After a rest day, the weather turns nasty and we decide to try our luck further down south in Chile’s Torres del Paine region which is one of the destinations of choice for hikers and mountaineers because of its soaring granite peaks and unspoiled natural beauty. But it rains during the whole 6-hour ride down, the entire time we are supposed to hike and only clears up during the last 2 hours of the ride back. To make it worse, heavy cloud and mist obscure any possible chance of us getting a glimpse of the supposed unparalleled beauty of the scenery and I again fight a losing battle with toilets on busses and this one has the entire floor and toilet seat soaked in urine.
Peter is very much a glass half full kind of guy and remains upbeat. He wants to spend the remaining time we have going north to hike another glacier and see if we can catch views of Mount Fitzroy and the surrounding ranges. I absolutely refuse to get on a bus again. Being a glass half empty kind of girl, I truly believe that my bladder will revolt, walk out and leave even should I even attempt to look sideways at one. So, we decide to hire a car for the next two days and drive leisurely to the town of El Chalten. By this time, the winds have built up to a gusty 120km per hour and the rent-a-car person actually tells us that we must at all times hang onto the doors of the car when opening them. The wind is so strong it actually rips car doors off its hinges, even windscreens through busses! The winds aren’t just bitterly cold here, in fact, they are the mean type of cold that bitch slaps you while insulting your mother.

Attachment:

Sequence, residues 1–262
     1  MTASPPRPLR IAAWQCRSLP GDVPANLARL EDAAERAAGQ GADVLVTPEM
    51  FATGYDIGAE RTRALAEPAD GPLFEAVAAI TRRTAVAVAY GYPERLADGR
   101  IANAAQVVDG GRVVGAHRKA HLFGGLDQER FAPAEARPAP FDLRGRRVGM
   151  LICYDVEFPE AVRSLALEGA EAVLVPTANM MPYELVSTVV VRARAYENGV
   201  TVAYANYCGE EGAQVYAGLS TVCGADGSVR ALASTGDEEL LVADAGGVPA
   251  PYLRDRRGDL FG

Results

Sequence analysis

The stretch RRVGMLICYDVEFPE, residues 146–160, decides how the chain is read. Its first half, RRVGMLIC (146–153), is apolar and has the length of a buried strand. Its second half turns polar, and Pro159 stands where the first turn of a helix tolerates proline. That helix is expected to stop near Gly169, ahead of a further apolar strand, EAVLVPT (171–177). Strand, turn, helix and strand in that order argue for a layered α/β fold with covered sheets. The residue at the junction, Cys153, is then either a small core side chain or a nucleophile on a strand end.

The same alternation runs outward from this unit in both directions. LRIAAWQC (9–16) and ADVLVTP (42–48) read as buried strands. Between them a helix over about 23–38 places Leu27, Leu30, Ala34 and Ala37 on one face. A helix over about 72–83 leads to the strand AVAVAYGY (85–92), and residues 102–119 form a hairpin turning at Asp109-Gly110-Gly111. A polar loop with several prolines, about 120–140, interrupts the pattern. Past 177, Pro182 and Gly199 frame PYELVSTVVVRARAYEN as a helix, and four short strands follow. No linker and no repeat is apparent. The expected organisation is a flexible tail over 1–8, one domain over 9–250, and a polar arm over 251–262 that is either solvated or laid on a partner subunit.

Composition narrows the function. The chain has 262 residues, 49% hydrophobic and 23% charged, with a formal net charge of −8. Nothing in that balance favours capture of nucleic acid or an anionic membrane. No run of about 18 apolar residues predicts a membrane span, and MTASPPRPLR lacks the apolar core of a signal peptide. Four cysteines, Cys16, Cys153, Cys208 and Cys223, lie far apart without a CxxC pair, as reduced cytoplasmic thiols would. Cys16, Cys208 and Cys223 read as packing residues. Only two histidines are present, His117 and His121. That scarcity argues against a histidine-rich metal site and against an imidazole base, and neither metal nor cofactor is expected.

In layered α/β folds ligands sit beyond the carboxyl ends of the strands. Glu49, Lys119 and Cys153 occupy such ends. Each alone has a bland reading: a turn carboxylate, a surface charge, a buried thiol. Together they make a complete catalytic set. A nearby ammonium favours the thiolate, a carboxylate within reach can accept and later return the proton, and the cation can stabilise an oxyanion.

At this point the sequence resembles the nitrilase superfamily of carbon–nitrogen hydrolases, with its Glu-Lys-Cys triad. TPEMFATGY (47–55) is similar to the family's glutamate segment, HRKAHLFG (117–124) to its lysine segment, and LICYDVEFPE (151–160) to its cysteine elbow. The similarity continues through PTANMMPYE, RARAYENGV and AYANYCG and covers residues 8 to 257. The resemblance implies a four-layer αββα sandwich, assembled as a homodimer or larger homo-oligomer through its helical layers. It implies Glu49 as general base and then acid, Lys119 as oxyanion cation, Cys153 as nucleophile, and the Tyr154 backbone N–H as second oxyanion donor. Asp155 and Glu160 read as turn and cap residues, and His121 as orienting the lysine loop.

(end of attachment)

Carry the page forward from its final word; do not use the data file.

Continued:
And it is in this weather that we take to the ice again, but this time on a glacier that is far more challenging. The Viedma glacier is much bigger than the Perito Moreno and has more steep inclines which fall away sharply into bottomless crevasses. I am not particularly religious but I find myself engaged in conversation with God a lot the whole time as the ferocious winds constantly buffet me around and at times pushes me off my feet causing me to lose my balance. Even one of the experienced guides looses her footing and hurts her ankle as we are descending through slippery rocky areas. The guides here also treat us to a drink of Baileys on ice (again from the glacier) at the halfway point which is very welcomed and warms the stomach if only for a short moment and fortifies my resolve to get off the glacier intact and alive.
As we drive back at sunrise to catch a plane on our last day, we feel like we have the whole world to ourselves save for the rabbits darting across the roads, Patagonian deer who watch you as you point cameras at them, condors soaring overhead and herds of sheep being kept in check by the gauchos (traditional Patagonian cowboys) on their horses. We farewell the fauna of Patagonia as the sun peaks out and bathes the mountains in the first rays of the morning.